As schools moved away from the high-stakes accountability environment of No Child Left Behind in 2015, many Kentucky schools and districts began a journey toward deeper, more personalized learning as a pathway to equity for ALL learners. During this journey, education officials across the Commonwealth have committed to developing a portrait of a graduate – sometimes referred to as a portrait of an elementary level learner – in order to redefine and improve learner expectations. from preschool to high school graduation and on to post-secondary.
In a symbolic way, a portrait of a graduate can serve as an Archimedean lever that ultimately changes the learner’s experience to be more personally relevant, more engaging, and more representative of the learning and career challenges faced by students in today’s fast-paced, interconnected world. , technology-driven world of 2022.
So what is a graduate portrait? Simply put, it is an agreed-upon set of school-level (or district-level) aspirations for what each learner will know and be able to do when they leave us. This exit can occur at the end of preschool, the end of elementary school, the end of middle school, the end of middle school, the end of high school, or at any other checkpoint along the way.
No matter when students demonstrate a particular portrait of a higher education skill – such as communication, collaboration, or problem solving – the skill remains the same as learners progress through a series of skill progressions. developmental learning that grows and improves over time. For example, Grade 3 students can demonstrate collaboration skills through a variety of in-school learning experiences such as projects and group activities, or outside of school in scouting, youth football, church youth group, after school programs, etc. When this portrait of a graduating skill is assessed at a later checkpoint, say at the end of Grade 8 for example, teachers will see more nuanced and sophisticated skill development.
This skill progression is much like what happens when toddlers go from t-ball to baseball to coach to Babe Ruth League and beyond. The skill does not change; children improve.
Inherent in the implementation of Portraits of a Graduate is a shift to performance-based assessment in addition to the knowledge-based assessments that teachers most often use in schools. In performance assessment systems, teachers use grading guides and other assessment tools to assess the progression of student skills over time. They give students frequent feedback and plenty of opportunities to practice skills, much like students play sports or rehearse the arts. Performance appraisal systems often culminate in public presentations of learning such as defenses of learning, expo nights, and student-led conferences – to name a few.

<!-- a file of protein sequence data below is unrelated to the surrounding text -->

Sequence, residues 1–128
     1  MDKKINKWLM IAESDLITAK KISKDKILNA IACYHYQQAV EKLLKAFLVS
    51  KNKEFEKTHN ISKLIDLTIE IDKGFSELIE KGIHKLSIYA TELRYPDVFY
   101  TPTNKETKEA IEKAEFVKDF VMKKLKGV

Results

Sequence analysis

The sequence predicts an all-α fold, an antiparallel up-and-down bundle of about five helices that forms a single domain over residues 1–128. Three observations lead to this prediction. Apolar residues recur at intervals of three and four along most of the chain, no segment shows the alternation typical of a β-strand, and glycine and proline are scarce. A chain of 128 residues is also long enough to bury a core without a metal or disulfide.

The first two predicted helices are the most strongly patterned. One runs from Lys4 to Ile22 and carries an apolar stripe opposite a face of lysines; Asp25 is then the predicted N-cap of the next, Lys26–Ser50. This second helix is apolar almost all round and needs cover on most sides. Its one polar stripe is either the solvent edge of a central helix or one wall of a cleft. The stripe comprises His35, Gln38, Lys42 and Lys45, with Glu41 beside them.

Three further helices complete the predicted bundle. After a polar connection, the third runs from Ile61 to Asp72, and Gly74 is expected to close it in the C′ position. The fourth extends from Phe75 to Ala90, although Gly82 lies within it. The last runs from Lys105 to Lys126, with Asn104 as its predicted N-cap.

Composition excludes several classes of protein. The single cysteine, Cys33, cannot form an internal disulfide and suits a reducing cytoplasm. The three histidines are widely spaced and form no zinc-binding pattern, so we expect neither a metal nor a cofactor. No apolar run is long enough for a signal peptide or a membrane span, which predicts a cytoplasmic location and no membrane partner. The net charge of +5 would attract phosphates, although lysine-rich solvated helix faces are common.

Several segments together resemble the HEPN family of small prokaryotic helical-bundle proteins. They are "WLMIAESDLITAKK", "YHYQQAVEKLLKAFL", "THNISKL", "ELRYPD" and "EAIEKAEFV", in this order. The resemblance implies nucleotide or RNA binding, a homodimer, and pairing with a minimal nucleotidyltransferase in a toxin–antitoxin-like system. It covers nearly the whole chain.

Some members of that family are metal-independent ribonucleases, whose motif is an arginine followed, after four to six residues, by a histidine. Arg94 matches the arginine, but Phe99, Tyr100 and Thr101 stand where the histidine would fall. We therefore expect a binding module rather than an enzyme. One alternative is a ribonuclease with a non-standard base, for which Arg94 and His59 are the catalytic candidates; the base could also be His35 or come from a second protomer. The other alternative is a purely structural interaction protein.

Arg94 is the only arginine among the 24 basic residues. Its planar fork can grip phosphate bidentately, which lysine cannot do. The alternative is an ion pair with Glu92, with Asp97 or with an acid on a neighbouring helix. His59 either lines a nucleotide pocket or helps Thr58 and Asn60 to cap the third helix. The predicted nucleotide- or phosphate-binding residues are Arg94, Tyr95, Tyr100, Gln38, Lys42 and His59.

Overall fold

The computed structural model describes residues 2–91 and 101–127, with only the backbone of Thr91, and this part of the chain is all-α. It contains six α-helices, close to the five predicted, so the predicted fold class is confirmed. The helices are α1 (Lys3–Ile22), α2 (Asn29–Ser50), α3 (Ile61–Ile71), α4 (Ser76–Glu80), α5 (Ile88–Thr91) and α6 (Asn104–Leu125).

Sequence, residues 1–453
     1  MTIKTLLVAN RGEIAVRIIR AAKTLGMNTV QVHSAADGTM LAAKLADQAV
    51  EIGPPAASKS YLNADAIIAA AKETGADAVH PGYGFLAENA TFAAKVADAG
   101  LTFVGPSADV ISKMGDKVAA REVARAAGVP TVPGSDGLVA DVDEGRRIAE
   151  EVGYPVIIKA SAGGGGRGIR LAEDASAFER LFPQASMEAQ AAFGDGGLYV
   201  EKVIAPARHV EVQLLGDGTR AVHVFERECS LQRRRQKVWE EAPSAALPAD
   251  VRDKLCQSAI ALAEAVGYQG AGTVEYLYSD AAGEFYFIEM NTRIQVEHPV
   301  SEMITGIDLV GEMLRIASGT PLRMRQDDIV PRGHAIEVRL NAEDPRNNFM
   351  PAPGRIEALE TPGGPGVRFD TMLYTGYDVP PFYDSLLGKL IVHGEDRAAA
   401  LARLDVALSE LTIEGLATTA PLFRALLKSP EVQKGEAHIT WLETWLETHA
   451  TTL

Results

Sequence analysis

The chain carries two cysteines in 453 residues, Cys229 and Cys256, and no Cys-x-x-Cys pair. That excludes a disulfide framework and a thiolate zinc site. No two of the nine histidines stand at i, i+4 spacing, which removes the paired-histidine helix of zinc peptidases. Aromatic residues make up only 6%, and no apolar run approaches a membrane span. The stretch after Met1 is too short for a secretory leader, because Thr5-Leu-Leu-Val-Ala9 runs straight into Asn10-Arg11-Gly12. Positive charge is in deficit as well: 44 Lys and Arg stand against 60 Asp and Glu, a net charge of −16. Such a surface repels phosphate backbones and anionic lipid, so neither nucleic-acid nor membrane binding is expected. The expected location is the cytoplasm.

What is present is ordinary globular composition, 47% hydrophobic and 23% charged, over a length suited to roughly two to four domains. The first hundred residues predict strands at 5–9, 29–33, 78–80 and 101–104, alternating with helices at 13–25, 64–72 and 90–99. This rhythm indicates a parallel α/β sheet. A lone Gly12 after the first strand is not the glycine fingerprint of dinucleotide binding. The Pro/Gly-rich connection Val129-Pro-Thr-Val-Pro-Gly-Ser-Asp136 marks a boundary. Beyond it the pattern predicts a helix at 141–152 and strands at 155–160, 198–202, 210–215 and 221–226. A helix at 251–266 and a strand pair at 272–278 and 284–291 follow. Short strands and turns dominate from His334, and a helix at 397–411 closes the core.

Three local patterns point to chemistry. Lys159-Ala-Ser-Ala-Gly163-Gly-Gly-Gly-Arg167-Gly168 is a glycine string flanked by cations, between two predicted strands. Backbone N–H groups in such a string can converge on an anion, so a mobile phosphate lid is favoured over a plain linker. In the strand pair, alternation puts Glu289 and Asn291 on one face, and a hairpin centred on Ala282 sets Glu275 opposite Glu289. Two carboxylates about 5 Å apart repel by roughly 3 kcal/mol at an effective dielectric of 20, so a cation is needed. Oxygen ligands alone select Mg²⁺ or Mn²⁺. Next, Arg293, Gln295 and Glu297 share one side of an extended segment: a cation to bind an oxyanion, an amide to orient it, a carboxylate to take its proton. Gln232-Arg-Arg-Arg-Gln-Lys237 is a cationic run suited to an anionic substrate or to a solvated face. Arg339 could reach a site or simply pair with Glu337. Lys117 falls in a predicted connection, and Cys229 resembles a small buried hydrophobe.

To better illustrate the “what” of a graduate portrait, check out what these districts across Kentucky are already working to implement and measure:
These districts, along with others across the Commonwealth, have embarked on a journey towards deeper learning that better meets the needs of the whole learner: knowledge, skills and dispositions. When fully implemented, graduate portraits become the lever through which teachers, schools, and districts rebalance our learning expectations to include a broader, more enduring set of aspirations for what every student should. demonstrate in terms of mastery of academic content, essential professional skills that employers are looking for and the human qualities that we want in the global citizenship of tomorrow.
The net effect of co-creating a school or district portrait of a graduate with community partners, and implementing that portrait in each classroom, is that these essential skills and dispositions also become important than the academic content that we have focused on almost exclusively throughout the No Child Left Behind era. They do not replace academic content; rather, they enhance and extend this knowledge to relevant and concrete applications.
The Kentucky Board of Education created a subcommittee to model a statewide learning process portrait. We hope that every district in Kentucky will follow this lead, joining in this effort wherever they are along the way by defining, communicating, and measuring the skills and dispositions that are essential for student success in the 21st century. Ours is a global and interconnected world filled with complex challenges that will require new skills and mindsets, innovation and many new ideas.
Lu S. Young is chairman of the Kentucky Board of Education